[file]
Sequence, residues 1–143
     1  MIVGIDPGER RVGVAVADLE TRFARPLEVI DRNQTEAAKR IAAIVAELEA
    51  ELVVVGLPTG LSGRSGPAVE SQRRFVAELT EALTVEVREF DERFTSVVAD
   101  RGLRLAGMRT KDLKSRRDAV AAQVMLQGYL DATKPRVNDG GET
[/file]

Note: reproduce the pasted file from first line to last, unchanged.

Sequence, residues 1–143
     1  MIVGIDPGER RVGVAVADLE TRFARPLEVI DRNQTEAAKR IAAIVAELEA
    51  ELVVVGLPTG LSGRSGPAVE SQRRFVAELT EALTVEVREF DERFTSVVAD
   101  RGLRLAGMRT KDLKSRRDAV AAQVMLQGYL DATKPRVNDG GET